No re­lief for res­i­dents plagued by Airbnbs

T.O. punts de­ci­sion an­other year while other ar­eas grap­ple with is­sue

Richmond Hill Post - - News - by Eric Sto­ber

The City of Toronto has agreed to post­pone an ap­peal of re­stric­tions to Airbnb for a year due to an ad­journ­ment, leav­ing the pro­lif­er­a­tion of short-term rentals in the city unchecked.

Other re­gions have grap­pled with the is­sue re­cently. Some have passed con­trol by­laws, such as Markham, whereas oth­ers, such as Vaughan, con­tinue to study it while com­plaints pile up.

On Sept. 5, the city’s lo­cal ap­peal board, the Lo­cal Plan­ning Ap­peal Tri­bunal (which re­placed the On­tario Mu­nic­i­pal Board) ac­cepted an ad­journ­ment re­quest from one of four ap­pel­lants who ap­pealed re­stric­tions placed on Airbnb by the City of Toronto in De­cem­ber 2017.

One ap­pel­lant has since with­drawn, ac­cord­ing to the tri­bunal. Due to sched­ul­ing con­flicts, the next avail­able date for the hear­ing turned out to be Aug. 26, 2019. This de­lay means that Airbnb re­stric­tions ap­proved in De­cem­ber will not take ef­fect un­til after the ap­peal is heard.

The re­stric­tions ap­proved in De­cem­ber 2017 in­cluded lim­it­ing Airbnb rentals to prop­er­ties where the host is the prin­ci­pal res­i­dent, as well as ban­ning home­own­ers from list­ing sec­ondary suites, such as base­ment apart­ments.

Toronto City Coun­cil also voted to have Airbnb hosts reg­is­ter with the city, al­low­ing the city to track whether ex­ist­ing list­ings have a per­mit num­ber or not.

The rules were meant to be en­forced in June 2018, but an ap­peal filed and sched­uled for Au­gust 2018 — and now moved to 2019 — has de­layed them.

“[The rules were] in­tro­duced to al­low the city to get a han­dle on more and more Airbnb hosts that are leas­ing or buy­ing up en­tire con­dos and houses on res­i­den­tial streets in or­der to use them as quasi ho­tels,” said Thor­ben Wieditz, a spokesper­son for Fairbnb, an ad­vo­cacy group for short-term rental reg­u­la­tions.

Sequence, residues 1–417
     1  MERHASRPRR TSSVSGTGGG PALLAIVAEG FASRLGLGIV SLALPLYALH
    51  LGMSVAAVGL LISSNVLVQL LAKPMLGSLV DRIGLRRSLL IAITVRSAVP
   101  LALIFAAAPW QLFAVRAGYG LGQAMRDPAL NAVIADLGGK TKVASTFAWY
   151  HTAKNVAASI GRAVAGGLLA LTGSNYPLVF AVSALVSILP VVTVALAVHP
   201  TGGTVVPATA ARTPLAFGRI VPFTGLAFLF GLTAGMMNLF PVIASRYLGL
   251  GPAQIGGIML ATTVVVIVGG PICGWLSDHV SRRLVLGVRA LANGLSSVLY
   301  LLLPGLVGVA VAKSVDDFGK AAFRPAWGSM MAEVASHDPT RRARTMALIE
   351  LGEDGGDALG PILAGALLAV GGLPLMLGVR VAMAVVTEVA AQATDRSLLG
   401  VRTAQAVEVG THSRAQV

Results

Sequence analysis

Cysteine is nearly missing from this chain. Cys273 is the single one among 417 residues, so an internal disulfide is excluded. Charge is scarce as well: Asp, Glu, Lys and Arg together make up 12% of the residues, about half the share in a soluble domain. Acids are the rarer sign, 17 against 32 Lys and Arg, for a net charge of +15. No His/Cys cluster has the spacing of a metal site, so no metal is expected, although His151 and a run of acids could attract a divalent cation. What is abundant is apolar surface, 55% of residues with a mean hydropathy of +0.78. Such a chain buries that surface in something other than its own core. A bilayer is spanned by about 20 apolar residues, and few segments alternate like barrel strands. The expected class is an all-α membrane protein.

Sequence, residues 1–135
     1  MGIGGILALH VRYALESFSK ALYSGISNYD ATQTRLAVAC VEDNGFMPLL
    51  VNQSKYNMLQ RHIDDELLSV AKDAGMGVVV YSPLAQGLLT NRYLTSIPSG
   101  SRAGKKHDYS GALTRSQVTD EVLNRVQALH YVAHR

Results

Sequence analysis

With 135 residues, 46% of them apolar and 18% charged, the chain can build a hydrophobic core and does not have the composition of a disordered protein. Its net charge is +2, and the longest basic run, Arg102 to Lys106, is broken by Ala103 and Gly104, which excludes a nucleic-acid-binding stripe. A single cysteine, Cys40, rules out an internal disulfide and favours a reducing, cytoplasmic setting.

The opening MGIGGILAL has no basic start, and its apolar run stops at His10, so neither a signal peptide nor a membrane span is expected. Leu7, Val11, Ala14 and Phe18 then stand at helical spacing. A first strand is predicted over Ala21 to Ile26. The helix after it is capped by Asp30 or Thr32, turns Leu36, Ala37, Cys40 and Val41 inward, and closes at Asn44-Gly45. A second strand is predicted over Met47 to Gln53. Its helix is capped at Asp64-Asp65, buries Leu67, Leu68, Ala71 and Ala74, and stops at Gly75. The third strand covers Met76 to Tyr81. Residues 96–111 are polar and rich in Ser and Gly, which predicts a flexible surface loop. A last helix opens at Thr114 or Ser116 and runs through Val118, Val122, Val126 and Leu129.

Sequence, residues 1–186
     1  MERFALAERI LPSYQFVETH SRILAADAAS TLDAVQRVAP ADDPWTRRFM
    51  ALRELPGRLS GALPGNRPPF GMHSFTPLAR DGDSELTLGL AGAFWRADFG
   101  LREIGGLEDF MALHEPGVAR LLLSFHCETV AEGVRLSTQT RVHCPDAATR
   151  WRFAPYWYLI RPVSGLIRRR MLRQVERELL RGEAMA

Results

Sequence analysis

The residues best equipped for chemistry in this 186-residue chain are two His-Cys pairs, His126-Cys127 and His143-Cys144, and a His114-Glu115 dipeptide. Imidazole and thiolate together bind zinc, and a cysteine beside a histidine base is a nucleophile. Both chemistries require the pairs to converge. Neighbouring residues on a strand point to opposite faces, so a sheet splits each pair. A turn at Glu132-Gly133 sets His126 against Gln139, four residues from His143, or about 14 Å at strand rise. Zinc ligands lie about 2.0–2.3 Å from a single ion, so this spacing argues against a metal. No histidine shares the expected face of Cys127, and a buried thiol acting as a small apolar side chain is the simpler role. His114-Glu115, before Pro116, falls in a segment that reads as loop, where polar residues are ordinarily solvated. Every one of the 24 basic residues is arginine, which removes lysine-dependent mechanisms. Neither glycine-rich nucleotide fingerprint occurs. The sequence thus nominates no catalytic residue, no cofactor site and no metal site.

Ac­cord­ing to a 2017 study by McGill Univer­sity, 10 per cent of Airbnb’s hosts earn the ma­jor­ity of Airbnb rev­enue, and that rev­enue is largely gen­er­ated by “mul­ti­list­ings,” where hosts have three or more en­tire homes listed.

The study also shows that Airbnbs in Toronto and other ma­jor cities have proven to be very prof­itable, with Airbnb hosts in Toronto, Mon­treal and Van­cou­ver ac­quir­ing $430 mil­lion in col­lec­tive rev­enue in 2016.

The prospect of a small num­ber of hosts owning mul­ti­ple prop­er­ties and mo­ti­vated by large prof­its can be prob­lem­atic, Wieditz ex­plained.

“This con­cen­tra­tion of Airbnb inventory in fewer and fewer hands, so to speak, is what causes a lot of the dis­rup­tions in the city,” Wieditz said. “It is what causes the prob­lems in the rental mar­ket, in terms of the avail­abil­ity of units, but also that’s what causes a lot of the dis­rup­tions in neigh­bour­hoods where you end up with party houses.”

Post City re­ported this past Au­gust on a multi-list­ing Airbnb host in mid­town Toronto who has gar­nered com­plaints from lo­cal res­i­dent Lisa Sa­bato about a num­ber of is­sues, from sta­bil­ity and af­ford­abil­ity to late-night par­ties.

In ad­di­tion, cre­at­ing prob­lem­atic “party houses” is well doc­u­mented in ar­eas such as Markham. In that town, yel­low school buses filled with party-go­ers have re­port­edly showed up to short-term rental prop­er­ties, where Airbnbs are con­sum­ing much-needed prop­erty down­town.

Ac­cord­ing to a 2017 re­port by Ry­er­son City Build­ing In­sti­tute and Ever­green, the va­cancy rate in down­town Toronto is around 1.4 per cent, far be­low the healthy rate of three per cent. Seventy per cent of com­mer­cial Airbnb list­ings are lo­cated in 10 down­town neigh­bour­hoods, which com­pounds the va­cancy is­sue.

However, there ap­pears to be lit­tle in­cen­tive for land­lords to place their prop­erty on the longterm mar­ket. A full-time host only needs to rent a unit for half a year to make what a tra­di­tional land­lord would make in a year on the longterm mar­ket, ac­cord­ing to AirDNA.

As well, Airbnb land­lords are able to skirt reg­u­la­tions such as the Res­i­den­tial Te­nan­cies Act and ho­tel in­dus­try reg­u­la­tions.

“Peo­ple can make a lot more money in an un­reg­u­lated shadow econ­omy where their money is not be­ing tracked,” said Wieditz.

The Ry­er­son re­port states that Toronto needs at least 8,000 new rental units per year to get to a healthy va­cancy rate.

If city reg­u­la­tions are en­forced, the re­port es­ti­mates that 3,200 short-term rental prop­er­ties would not meet the reg­u­la­tions and thus be put back on the mar­ket, pro­vid­ing “im­me­di­ate re­lief to the Toronto area’s low va­cancy rate.”

Peo­ple can make a lot more money in an un­reg­u­lated shadow econ­omy.”

Hume­wood res­i­dent Lisa Sa­bato

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